Pressure washing transforms and maintains
Published 5:34 pm Monday, August 31, 2020
Crisp lines, the smell of newly sawn planks, the warm color of the wood in the daytime hours — a new porch or deck not only creates great space for outdoor living, it can also add value to a home.
As with most things, maintenance is the key to longevity, whether that refers to health and regular doctors’ visits or keeping an engine tuned and a vehicle on the road long after mile 100,000 has passed. Decks and porches are no different.
“On an unstained deck, the moisture and the mildew will actually start to deteriorate the lumber — it’s not foolproof just because it’s pressure treated. The more mildew and moisture that accumulates on the surface, the quicker it will rot,” said Parker Bateman.
Bateman started Bateman Builders in 2017; half of the work he does is construction and the other half is pressure washing decks, porches, home exteriors, windows and more. This year, he’s seen a jump in business, which he believes is a direct result of COVID-19.
“Everyone’s been stuck inside with COVID. People are staying home and realizing that ‘This deck is dirty’ and needs to be cleaned, or ‘This needs to be replaced,’” Bateman said.
While many homeowners are using the stay-at-home opportunity to take care of the little things around, and outside, the house, Bateman said a clear cleaning schedule can prevent problems down the road.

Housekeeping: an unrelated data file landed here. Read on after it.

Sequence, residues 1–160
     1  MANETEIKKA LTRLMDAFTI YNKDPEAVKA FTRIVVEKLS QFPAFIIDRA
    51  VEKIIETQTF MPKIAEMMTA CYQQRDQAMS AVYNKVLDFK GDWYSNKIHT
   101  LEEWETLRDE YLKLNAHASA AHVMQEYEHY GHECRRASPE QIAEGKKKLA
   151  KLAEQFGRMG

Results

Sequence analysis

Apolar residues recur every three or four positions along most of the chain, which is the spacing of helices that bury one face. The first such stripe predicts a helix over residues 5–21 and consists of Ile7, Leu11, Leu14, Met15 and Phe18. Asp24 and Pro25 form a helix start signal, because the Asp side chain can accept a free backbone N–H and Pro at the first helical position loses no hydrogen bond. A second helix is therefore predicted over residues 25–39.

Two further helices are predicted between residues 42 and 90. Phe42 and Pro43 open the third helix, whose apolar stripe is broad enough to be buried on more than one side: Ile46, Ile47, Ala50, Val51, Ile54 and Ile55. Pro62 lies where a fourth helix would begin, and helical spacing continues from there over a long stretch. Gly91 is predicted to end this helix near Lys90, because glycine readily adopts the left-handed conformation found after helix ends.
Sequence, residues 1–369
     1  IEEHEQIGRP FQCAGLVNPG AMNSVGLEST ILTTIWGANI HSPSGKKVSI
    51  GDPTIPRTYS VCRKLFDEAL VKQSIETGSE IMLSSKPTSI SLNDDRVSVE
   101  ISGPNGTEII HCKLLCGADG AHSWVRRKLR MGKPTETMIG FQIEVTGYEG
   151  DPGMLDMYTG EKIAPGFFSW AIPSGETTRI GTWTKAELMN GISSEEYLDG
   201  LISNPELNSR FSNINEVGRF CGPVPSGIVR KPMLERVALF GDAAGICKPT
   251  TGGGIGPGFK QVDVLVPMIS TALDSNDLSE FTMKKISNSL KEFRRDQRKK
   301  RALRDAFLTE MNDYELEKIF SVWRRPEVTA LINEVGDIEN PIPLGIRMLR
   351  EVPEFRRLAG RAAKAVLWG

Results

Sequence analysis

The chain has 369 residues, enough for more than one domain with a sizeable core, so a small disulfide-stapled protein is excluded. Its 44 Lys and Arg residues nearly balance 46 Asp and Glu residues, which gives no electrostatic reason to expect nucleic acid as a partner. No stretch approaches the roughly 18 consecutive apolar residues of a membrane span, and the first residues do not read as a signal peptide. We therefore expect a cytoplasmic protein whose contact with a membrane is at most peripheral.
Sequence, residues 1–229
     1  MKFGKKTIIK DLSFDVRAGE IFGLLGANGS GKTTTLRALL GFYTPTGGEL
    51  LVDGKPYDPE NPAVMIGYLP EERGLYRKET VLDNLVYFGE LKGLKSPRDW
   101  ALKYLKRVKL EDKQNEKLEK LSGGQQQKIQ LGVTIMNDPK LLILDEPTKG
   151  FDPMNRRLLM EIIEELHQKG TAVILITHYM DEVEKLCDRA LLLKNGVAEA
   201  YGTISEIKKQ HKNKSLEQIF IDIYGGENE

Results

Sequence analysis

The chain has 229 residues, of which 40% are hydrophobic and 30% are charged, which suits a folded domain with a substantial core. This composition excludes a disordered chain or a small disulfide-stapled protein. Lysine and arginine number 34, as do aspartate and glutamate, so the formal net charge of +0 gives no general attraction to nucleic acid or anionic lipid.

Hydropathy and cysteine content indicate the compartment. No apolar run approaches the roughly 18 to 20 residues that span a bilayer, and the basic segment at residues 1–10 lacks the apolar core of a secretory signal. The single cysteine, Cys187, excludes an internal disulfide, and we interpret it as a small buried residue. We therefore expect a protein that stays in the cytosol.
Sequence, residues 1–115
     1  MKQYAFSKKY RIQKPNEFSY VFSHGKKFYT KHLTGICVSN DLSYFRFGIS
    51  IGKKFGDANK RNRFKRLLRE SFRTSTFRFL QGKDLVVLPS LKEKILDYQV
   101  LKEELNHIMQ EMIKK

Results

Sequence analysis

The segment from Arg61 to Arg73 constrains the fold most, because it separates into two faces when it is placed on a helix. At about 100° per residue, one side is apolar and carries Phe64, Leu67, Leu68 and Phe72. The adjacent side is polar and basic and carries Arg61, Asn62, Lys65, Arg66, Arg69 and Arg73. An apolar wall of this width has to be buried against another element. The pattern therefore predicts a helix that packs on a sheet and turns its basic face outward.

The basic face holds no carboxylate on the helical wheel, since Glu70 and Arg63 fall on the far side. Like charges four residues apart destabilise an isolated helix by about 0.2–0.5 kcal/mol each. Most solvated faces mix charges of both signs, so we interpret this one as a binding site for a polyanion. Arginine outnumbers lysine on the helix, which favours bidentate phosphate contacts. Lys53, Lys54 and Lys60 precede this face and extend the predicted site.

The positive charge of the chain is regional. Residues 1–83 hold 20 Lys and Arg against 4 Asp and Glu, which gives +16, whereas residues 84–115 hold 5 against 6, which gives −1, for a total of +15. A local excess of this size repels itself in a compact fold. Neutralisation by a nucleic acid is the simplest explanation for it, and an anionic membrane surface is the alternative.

“Usually the house, as preventative maintenance, should be pressure washed every year, and a deck, probably every other year, if it isn’t stained. But once it’s stained and sealed you can go five-to-six years without worrying about cleaning it,” Bateman said.
Bateman has also branched out into the field of roof revival — cleaning up what appears to be dirt. Those dark spots and streaks on roofs are not dirt; it’s actually a blue-green algae called gloeocapsa magma, which has the ability to form a protective dark pigment to shield it from the sun.
“People think it’s the shingle deteriorating, but it’s not,” Bateman said. “It’s algae.”
Bateman said a different type pressure-washing is involved to remove the algae — a very low pressure — and the algaecide used is safe for the environment.
“You apply it and it eradicates everything, and it’s biodegradable. It turns back into salt in the sun, because it’s sodium-based,” Bateman said.
The result is a sooty, streaky roof transformed back to its original condition.
“A few hundred dollars and a couple of hours, and we make it look brand new,” Bateman said.
While pressure washing may seem like a simple process, Bateman said some exterior surfaces can be tricky.
“Cleaning the outside of your house seems like it’s a very easy DYI; it’s like, ‘What can go wrong?’ But you can do some irreversible damage,” Bateman said.
Considering that a basic pressure washer operates at 1,500 psi, it can easily tear up the caulking around window sills or force water behind vinyl siding. Vinyl siding also presents another challenge.
“When vinyl is in the sun, it oxidizes and puts a chalky film on all of the house. You can’t see it, really, on beige or white, but if you hit it with a pressure washer, it will absolutely remove it. It will look like someone just scribbled on the walls of the house, then they have to use a commercial degreaser and brush the entire house to remove those marks,” Bateman said. “Sometimes it’s best to leave it to the professionals.”
For more information, visit Bateman Builders on Facebook.